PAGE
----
Skin abrasions are scrapes or scratches of the superficial layer of the skin, the epidermis.
See the different layers of the skin.
Abrasions are wounds or scrapes of the epidermal layer of the skin. It may be shallow involving only the outer layer of the epidermis and it may be deeper involving practically the full thickness of the epidermis.
Abrasions may involve a small area of the body or it may involve a bigger area or even an extensive area.
Immediate treatment of abrasions, regardless of degree (shallowness and surface area), is thorough washing to remove the dirt. Ordinary soap and water will suffice. There may be bleeding but cleansing should be continued to wash off the dirt as well as the blood. Bleeding usually spontaneously stops.
Depending on the degree of abrasion and amount of dirt presence in the wound, antibiotics may or may not be administered. Antibiotics are usually needed for deeper abrasions and when there is significant contamination with dirt.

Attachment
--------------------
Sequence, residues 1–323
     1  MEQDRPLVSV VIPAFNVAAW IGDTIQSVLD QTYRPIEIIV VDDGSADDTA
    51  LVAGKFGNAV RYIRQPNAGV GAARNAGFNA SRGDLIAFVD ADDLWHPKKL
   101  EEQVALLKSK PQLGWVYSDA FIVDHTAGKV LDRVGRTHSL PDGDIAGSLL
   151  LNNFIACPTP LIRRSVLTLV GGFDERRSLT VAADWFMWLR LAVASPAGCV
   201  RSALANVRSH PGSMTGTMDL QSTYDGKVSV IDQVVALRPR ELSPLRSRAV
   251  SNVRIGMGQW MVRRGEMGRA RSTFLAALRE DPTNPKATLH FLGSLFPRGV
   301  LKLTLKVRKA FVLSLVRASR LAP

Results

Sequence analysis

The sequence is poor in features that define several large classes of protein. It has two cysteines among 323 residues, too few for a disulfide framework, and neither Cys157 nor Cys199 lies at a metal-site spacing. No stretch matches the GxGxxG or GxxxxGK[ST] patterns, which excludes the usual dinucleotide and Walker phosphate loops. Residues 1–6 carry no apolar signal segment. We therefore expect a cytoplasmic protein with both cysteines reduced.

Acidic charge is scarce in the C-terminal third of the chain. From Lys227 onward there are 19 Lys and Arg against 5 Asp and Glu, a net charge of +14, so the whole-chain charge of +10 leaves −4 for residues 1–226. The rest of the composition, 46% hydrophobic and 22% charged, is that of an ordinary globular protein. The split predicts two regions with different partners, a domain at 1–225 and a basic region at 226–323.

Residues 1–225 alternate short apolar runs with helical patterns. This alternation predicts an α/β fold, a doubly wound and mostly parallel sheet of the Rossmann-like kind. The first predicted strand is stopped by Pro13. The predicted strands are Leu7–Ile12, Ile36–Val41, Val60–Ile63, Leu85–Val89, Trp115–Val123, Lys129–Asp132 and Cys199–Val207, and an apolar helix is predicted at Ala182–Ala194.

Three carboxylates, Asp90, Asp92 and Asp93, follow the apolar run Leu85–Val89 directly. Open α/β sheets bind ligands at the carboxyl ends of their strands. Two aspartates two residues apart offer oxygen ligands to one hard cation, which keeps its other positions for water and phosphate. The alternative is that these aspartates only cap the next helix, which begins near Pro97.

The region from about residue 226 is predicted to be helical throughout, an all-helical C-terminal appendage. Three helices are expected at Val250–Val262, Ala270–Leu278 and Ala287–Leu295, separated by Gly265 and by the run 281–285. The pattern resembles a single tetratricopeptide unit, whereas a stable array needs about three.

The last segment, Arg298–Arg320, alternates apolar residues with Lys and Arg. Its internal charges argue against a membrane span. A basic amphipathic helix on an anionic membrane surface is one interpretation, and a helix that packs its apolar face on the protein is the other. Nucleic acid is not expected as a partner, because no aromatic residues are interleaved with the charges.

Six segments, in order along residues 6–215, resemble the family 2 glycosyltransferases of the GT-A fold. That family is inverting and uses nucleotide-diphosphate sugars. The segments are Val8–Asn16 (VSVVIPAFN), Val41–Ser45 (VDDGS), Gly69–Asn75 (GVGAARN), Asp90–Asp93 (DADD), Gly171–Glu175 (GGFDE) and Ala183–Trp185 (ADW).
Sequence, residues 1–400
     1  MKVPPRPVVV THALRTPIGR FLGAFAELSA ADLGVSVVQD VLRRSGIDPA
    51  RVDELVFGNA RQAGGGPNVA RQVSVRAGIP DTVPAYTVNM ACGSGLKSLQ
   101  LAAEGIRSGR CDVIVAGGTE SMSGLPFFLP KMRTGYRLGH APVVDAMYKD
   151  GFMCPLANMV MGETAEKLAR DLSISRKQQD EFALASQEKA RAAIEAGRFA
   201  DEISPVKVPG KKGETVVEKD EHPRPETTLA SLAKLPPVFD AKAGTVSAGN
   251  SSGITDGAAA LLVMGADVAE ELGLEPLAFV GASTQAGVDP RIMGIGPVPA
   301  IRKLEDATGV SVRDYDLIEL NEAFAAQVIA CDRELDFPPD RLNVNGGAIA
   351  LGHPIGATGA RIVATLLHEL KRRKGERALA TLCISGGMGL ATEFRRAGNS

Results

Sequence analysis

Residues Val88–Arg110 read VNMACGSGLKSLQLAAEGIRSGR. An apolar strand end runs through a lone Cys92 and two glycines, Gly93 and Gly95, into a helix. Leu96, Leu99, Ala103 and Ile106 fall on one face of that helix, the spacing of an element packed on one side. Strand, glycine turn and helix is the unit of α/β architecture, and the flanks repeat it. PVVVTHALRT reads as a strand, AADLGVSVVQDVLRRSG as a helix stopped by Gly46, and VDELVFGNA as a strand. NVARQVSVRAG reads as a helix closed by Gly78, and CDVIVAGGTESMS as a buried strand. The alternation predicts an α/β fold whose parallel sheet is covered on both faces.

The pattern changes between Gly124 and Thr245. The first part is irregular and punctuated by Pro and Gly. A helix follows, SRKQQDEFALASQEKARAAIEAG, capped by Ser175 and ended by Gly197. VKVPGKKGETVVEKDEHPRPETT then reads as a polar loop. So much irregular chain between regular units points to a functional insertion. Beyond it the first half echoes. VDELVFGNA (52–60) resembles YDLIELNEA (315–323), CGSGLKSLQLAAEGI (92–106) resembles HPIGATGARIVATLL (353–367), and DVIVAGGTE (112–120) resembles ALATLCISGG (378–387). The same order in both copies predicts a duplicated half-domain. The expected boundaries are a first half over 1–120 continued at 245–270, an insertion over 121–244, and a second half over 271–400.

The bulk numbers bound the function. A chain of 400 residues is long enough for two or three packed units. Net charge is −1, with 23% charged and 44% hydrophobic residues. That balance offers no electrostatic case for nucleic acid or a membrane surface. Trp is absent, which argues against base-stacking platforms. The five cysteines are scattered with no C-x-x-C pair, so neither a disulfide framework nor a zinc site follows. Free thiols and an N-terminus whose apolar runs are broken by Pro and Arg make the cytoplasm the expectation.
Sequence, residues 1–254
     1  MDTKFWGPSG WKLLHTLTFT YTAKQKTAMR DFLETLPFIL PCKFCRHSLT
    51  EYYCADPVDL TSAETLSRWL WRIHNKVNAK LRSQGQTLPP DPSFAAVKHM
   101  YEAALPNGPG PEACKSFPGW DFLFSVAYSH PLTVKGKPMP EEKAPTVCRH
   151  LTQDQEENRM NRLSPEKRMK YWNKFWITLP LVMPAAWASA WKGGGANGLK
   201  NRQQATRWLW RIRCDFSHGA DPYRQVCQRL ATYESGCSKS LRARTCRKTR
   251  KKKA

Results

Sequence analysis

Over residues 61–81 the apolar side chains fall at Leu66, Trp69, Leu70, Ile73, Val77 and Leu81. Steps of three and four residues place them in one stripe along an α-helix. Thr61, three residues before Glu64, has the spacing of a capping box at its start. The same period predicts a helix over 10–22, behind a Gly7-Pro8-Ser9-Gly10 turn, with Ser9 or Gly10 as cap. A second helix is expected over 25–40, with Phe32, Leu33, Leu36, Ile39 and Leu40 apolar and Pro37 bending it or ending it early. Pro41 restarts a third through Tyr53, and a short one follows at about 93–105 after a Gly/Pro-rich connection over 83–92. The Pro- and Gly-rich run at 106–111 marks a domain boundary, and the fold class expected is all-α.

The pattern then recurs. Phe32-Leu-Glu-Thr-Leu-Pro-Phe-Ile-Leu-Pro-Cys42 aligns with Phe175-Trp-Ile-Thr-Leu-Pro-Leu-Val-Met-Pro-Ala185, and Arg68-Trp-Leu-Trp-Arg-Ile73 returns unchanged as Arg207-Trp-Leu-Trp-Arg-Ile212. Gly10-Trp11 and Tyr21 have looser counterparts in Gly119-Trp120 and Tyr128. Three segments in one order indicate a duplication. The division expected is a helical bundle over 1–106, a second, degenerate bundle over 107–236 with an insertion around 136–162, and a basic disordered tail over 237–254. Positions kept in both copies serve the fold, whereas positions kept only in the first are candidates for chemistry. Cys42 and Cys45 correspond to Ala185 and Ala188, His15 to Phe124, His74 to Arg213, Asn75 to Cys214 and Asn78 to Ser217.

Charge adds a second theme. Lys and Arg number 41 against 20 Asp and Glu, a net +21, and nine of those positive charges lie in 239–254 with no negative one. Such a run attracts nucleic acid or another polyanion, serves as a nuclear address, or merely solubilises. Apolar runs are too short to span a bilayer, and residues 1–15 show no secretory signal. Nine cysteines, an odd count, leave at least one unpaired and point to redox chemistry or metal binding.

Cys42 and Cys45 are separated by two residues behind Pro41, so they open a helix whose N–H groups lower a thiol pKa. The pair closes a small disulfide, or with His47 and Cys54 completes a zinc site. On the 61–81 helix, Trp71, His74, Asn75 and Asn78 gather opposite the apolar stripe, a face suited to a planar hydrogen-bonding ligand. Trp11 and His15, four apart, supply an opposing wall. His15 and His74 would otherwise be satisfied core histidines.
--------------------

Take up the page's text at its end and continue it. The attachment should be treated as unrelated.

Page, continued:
Depending on the degree of abrasion, analgesics may or may not be administered. Small abrasions with a patient’s high threshold for pain may not need analgesics.
As to coverage of abrasions with dressing, it is better to leave the wound open. The dressing will usually stick to the wound and there will be pain on removal of the dressing. The wound will dry faster without a dressing. Just promote a clean environment on the abrasion. Wash them as often as needed.
There is usually no need to have antitetanus injection.
ROJoson’s abrasion on the right forearm incurred on January 18, 2017 after climbing and descending on a rugged wall.
ROJoson’s abrasion on the left forearm incurred on January 18, 2017 after climbing and descending on a rugged wall.
Note: the abrasion on the left forearm is not as extensive as that in the right forearm.
How I treated my abrasions:
- Cleansed thoroughly with soap and water.
- No dressing. No antibiotics. Took paracetamol for pain on the left forearm. No antitetanus injection.
- Watch and wait for healing and complications.